Irrigation, Productivity and Poverty Linkages in Irrigation Systems in Java, Indonesia uri icon

abstract

  • This paper analyzes irrigation-poverty linkages, and determines how and to what extent irrigation contributes to poverty alleviation, and whether there are any spatial patterns in poverty in irrigation systems. It also identifies conditions under which irrigation has greater anti-poverty impacts. The analysis is based on primary data collected during the 2000--2001 agricultural year, from four selected irrigation systems and rainfed areas in Java. The results indicate that irrigation has significant poverty reducing impacts. Poverty varies across irrigation systems and across locations within the systems. In general, crop productivity is relatively higher and poverty is lower in middle parts of the systems compared to head and tail parts. Further, locational differences in poverty are more pronounced in larger systems where locational inequities in water distribution and productivity differences are also high. Crop productivity, the size of landholdings and location of households are important determinants of poverty, in addition to demographic factors such as family size. The smaller the systems with well managed infrastructure, relatively equitable water distribution and diversified cropping patterns supported with market infrastructure, the greater the poverty reducing impacts of irrigation. Overall, the study findings suggest that improving the performance of irrigation systems by enhancing land and water productivity, diversifying cropping patterns and improving water distribution across locations would help reduce poverty in presently low productivity-high poverty parts of the systems.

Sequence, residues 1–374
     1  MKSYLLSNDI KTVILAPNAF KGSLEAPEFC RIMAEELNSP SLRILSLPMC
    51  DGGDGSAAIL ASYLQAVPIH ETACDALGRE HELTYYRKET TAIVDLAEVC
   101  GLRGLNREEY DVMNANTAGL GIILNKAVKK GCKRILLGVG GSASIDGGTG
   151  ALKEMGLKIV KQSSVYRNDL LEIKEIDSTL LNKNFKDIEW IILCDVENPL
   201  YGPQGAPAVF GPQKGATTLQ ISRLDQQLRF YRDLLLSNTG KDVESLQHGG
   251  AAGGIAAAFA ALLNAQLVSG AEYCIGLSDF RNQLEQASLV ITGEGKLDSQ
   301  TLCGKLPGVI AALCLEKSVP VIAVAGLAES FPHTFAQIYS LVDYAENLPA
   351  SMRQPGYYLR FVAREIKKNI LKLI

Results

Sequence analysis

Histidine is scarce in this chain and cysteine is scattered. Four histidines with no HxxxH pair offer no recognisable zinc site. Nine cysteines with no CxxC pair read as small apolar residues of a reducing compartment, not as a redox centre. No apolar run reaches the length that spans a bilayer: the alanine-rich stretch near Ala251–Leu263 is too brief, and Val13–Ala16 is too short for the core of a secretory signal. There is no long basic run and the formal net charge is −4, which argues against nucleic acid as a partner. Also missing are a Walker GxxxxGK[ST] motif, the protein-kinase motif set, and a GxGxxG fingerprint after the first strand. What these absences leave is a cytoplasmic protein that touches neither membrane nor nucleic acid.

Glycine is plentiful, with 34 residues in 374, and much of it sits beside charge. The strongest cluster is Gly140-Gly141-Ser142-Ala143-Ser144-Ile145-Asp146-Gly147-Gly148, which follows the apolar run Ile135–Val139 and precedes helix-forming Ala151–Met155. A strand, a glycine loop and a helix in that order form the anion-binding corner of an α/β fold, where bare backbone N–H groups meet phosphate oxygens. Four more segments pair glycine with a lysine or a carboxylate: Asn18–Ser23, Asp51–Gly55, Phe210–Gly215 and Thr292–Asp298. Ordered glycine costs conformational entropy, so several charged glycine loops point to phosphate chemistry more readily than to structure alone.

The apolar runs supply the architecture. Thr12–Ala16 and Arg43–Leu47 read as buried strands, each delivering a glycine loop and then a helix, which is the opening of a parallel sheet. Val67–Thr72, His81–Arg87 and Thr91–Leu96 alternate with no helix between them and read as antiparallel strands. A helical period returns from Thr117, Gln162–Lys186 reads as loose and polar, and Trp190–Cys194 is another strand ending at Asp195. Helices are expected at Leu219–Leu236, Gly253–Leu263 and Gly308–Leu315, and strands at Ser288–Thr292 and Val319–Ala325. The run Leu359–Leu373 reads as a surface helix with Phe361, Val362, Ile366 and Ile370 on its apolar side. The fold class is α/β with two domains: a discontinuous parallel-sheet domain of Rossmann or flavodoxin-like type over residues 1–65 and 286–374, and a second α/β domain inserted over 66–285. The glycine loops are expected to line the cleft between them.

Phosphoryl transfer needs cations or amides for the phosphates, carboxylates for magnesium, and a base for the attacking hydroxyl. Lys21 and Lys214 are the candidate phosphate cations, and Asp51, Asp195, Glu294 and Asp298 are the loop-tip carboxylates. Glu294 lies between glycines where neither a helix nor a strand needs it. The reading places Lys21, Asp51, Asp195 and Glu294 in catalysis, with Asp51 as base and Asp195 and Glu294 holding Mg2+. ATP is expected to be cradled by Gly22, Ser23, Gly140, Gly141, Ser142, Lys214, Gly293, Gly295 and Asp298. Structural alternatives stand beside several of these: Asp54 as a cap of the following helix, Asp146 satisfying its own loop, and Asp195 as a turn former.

publication date

  • 2006
  • 2006
  • 2006